Tim Tadder has just finished Water Wigs, a photoshoot where water balloons are captured exploding on the heads of balding men. This is a follow-up project to Fish Heads – which if you are yet to see it, is an engaging and inspirational underwater portrait project.
This is how I first discovered the talents of Tim – the photographs not only look fantastic, they are simply too intriguing to ignore – and I decided that the evidently creative mind behind the series needed to be tapped for inspirational answers; and I was certainly not disappointed.
View more of Tim's projects
Based in California, Tim and his team work on projects that are born out of a need to create something visually different, just the type of thing that sets his style of photography apart from others. Ideas definitely do not come from inside the box and stunning images are sometimes the result of wondering how new technology can be used to create an aesthetic that has not been seen before.
"I do a lot of underwater photography, and I am always super enamoured by the surface tension of the water, and the way it picks up reflection, whether it is calm underwater and it looks like a mirror or if it is turbulent and it is a kaleidoscope of reflections and textures… But part of the problem with shooting underwater is you’re floating, the subject can be moving, it is difficult to be consistent - so I wanted to make a controlled use of this environment."
The idea of using a 60 gallon fish tank conveniently set up in the studio where everything could be controlled from timing to turbulence and lighting was the seed for a revolutionary new photo shoot. However, the simplicity behind the inspiration belies the complexity of the actual task at hand and Tim was soon to find out that maintaining clarity in the controlled aquatic environment was going to be a hard task indeed.
Luckily, Tim and his team are no strangers to brainstorming and soon had those taking part scrubbing themselves free of soaps, oil and grease; and with the help of an aquarium cleaning company who built a special filtration system and provided special water (as well slosh out dirty water and chuck in new) kept the water clear enough to make the project a success. "They made it all possible, without them it would have been impossible – maybe that’s why no one has ever done it before," he laughed, "It was really difficult – much more difficult than I thought it would be."
Tim’s father was adamant that if the budding young photographer was going to be using up the film, he was also responsible for developing it, and printing it – and it turned out to be a passion "when I first started photography I was so enamoured by the visualization of a print coming to life, when you see the first print – you are like ‘wow’ that’s like magic, and you’re hooked." Despite these great experiences, Tim admits that he had no idea how this would impact on his life in the future.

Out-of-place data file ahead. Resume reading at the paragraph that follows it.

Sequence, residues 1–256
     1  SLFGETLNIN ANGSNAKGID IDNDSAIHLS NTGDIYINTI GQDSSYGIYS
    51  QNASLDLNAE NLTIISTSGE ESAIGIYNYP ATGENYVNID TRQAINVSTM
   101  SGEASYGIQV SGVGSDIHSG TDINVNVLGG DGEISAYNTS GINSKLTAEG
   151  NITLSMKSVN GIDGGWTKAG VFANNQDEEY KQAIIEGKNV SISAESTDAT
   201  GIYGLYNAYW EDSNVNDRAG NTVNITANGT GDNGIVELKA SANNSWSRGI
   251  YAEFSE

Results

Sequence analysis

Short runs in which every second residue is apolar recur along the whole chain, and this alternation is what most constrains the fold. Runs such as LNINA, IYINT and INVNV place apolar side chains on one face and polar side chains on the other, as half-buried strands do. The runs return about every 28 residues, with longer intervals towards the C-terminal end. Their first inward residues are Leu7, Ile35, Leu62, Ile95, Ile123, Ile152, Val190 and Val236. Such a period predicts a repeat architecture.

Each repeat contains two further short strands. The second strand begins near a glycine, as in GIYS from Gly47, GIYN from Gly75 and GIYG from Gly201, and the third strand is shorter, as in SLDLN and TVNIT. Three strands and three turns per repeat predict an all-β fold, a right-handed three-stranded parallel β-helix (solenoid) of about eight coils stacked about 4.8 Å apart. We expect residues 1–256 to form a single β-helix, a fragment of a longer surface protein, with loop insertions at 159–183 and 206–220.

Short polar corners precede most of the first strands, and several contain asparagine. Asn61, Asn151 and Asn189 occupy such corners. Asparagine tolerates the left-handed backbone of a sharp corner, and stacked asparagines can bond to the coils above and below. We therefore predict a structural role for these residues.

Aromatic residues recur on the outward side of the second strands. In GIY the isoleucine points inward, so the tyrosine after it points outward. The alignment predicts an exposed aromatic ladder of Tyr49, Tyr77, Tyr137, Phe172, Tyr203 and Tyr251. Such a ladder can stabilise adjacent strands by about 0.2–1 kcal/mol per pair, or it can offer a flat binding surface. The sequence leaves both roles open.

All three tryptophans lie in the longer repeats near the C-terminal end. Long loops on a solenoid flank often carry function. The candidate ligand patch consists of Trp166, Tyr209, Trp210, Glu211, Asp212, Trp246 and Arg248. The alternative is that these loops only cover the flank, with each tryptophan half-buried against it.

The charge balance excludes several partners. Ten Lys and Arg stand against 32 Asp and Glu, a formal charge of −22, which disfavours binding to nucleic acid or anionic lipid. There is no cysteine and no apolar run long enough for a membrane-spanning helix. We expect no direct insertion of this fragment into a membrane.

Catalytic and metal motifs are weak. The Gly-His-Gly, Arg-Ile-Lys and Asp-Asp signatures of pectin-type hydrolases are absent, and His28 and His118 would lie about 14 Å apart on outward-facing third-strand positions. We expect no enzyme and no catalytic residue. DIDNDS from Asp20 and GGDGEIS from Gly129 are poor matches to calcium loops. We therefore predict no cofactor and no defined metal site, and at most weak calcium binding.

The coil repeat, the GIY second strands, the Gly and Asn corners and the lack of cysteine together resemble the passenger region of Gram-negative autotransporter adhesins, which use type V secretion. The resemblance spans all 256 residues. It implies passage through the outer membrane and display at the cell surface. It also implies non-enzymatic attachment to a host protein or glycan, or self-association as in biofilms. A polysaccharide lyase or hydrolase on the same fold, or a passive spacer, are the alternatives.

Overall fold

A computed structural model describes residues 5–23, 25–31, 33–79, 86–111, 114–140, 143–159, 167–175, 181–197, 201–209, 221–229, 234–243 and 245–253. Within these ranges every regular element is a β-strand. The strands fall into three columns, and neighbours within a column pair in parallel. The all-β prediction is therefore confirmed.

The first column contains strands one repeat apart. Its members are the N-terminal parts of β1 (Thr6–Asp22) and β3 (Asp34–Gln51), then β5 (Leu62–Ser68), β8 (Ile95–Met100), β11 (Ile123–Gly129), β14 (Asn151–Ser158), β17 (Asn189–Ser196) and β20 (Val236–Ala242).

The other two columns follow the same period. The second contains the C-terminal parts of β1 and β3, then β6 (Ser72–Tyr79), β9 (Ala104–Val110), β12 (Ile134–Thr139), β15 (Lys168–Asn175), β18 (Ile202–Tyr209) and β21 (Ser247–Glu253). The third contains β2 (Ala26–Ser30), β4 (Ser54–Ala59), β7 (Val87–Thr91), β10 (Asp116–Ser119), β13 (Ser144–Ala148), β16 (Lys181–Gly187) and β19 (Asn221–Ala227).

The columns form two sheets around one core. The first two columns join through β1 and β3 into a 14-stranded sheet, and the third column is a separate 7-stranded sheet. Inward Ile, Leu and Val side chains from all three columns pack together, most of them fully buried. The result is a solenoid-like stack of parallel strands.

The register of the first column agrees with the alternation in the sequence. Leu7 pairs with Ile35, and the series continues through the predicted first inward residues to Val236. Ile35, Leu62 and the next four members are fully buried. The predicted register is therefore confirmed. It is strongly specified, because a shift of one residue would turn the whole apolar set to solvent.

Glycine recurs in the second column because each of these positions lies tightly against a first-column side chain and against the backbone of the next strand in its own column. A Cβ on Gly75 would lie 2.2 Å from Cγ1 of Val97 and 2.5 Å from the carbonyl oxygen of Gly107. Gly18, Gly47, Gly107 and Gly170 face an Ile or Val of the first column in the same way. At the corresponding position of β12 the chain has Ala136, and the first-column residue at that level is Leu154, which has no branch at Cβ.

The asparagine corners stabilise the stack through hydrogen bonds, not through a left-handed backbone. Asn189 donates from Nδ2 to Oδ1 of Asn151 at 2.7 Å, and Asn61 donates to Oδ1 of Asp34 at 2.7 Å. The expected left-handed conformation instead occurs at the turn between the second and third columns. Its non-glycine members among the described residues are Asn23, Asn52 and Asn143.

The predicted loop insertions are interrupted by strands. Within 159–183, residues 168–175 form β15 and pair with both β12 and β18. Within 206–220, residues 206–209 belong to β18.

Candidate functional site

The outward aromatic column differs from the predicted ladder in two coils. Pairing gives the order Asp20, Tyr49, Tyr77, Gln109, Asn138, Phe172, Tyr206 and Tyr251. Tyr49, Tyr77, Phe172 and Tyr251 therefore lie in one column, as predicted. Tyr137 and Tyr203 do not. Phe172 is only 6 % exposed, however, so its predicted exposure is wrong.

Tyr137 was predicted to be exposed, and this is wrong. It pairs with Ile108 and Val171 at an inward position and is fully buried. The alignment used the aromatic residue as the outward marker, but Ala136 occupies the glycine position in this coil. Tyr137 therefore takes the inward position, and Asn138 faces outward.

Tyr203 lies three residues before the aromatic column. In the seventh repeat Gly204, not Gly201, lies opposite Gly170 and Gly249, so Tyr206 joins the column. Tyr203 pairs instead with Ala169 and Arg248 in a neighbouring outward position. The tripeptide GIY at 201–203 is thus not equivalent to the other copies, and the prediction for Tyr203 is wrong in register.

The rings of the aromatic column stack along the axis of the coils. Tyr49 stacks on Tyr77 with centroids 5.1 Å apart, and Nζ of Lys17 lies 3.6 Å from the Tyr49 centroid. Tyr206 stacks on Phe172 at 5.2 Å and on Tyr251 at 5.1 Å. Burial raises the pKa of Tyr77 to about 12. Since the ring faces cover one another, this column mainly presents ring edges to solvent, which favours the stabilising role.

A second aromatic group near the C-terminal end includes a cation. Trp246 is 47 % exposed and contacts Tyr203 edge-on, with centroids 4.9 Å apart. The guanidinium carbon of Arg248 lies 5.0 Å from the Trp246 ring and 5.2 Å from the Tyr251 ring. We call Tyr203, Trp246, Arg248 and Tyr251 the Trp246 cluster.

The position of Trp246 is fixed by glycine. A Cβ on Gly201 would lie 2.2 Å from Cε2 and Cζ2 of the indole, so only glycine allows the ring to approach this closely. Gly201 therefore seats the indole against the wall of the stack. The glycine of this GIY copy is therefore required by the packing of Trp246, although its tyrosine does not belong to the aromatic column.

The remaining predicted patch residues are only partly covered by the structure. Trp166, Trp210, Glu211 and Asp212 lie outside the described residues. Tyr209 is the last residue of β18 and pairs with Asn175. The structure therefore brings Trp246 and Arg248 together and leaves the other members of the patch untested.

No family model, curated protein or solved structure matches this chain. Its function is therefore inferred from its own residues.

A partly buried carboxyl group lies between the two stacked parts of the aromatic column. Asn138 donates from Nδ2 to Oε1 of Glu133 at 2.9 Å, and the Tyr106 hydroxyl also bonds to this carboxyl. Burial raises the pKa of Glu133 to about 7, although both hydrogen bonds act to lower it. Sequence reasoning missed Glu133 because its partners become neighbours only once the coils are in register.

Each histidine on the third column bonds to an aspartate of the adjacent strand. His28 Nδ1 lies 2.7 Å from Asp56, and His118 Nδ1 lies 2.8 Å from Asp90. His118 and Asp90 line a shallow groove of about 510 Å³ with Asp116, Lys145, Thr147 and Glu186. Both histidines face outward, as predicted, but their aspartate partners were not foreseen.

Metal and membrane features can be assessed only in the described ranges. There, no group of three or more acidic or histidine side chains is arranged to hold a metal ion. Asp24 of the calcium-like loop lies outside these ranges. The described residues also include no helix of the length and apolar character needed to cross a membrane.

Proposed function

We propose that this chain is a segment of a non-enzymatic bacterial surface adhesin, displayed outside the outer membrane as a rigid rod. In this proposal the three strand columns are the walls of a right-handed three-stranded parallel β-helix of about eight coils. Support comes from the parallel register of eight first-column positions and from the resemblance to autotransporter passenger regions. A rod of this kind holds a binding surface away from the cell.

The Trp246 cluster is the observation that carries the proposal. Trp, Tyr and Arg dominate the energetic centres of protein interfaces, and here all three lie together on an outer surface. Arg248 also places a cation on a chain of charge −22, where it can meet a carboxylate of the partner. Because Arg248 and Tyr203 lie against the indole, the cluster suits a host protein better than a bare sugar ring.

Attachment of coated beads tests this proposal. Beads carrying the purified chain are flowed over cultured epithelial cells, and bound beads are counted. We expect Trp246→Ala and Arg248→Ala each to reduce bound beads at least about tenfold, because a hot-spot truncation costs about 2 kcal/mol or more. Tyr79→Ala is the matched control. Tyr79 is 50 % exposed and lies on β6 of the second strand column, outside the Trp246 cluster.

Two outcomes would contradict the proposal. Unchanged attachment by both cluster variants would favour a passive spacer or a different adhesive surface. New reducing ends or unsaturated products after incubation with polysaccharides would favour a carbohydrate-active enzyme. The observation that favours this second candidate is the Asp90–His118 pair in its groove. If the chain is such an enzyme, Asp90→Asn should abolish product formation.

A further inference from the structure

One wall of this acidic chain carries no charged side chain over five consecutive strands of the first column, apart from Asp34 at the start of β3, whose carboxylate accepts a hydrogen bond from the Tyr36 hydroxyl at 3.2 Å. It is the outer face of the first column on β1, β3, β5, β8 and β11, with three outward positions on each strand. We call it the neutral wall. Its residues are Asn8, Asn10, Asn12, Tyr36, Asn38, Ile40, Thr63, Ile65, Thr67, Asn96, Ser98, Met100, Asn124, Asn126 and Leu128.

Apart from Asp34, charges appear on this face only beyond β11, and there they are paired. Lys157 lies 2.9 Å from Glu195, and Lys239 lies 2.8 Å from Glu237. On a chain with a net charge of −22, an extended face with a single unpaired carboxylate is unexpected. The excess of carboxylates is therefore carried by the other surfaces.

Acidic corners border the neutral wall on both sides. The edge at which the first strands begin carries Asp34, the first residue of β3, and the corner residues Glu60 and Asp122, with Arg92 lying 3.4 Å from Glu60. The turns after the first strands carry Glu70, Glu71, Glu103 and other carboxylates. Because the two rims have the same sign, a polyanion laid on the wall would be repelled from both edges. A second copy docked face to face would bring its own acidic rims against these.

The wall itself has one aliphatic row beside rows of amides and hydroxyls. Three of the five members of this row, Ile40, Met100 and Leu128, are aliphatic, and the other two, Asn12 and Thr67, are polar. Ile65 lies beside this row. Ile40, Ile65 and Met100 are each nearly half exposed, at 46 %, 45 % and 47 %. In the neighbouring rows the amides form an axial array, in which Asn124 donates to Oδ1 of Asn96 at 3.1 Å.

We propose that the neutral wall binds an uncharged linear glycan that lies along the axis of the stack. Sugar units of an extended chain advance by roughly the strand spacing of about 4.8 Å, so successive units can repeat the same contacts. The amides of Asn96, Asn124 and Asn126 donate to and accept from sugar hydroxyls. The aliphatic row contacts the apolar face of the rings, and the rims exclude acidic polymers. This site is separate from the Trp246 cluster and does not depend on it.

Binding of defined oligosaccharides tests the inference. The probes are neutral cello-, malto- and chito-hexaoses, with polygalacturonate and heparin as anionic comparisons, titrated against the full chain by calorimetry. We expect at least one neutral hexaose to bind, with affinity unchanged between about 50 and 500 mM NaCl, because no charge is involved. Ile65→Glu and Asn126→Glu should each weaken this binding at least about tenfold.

As far as a hobby went, the interest in photography was taken over by an interest in girls, about the time he went to high school. It wasn’t until the age of 27, after 5 years of teaching that Tim decided that teaching wasn’t for him and wondered if he could ‘make a go of photography’.
He started as he puts it, ‘at the bottom’, by taking pictures for a local paper - $50 per assignment. Then this went up to $75 per assignment. Next – it was associated press level who paid $300 per assignment; and the good times rolled in with a number of impressive freelance assignments. Although he enjoyed the documentary aesthetic, he also felt a need to share his vision – he wanted to "make the picture, not just paint the picture."
He wondered what it would be like to control a moment and get the shot you are looking for, rather than reacting to a moment. It was this inquisitive thought that led to creating a portfolio of moment controlled shots – a collection of images that were incredibly well received and resulted in being hired for commercial work by 2005.
Creating a different image when every picture has seemingly been done requires a creative approach – and Tim tells us how: "whether that is in the proposition, post production technique, physical approach – we try to do that… I don’t feel like it is enough to go execute something that has been done before. So, for a running shoot we ask ourselves ‘how do we shoot running differently? What is different about what we are going to do and why are people going to want to look at it? Why is it going to stronger than what is out there?’"